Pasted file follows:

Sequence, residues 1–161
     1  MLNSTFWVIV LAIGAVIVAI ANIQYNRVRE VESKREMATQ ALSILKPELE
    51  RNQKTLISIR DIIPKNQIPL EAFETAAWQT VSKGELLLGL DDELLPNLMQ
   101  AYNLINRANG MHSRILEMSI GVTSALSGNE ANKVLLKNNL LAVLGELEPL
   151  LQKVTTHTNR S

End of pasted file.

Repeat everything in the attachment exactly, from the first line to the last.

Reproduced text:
Sequence, residues 1–161
     1  MLNSTFWVIV LAIGAVIVAI ANIQYNRVRE VESKREMATQ ALSILKPELE
    51  RNQKTLISIR DIIPKNQIPL EAFETAAWQT VSKGELLLGL DDELLPNLMQ
   101  AYNLINRANG MHSRILEMSI GVTSALSGNE ANKVLLKNNL LAVLGELEPL
   151  LQKVTTHTNR S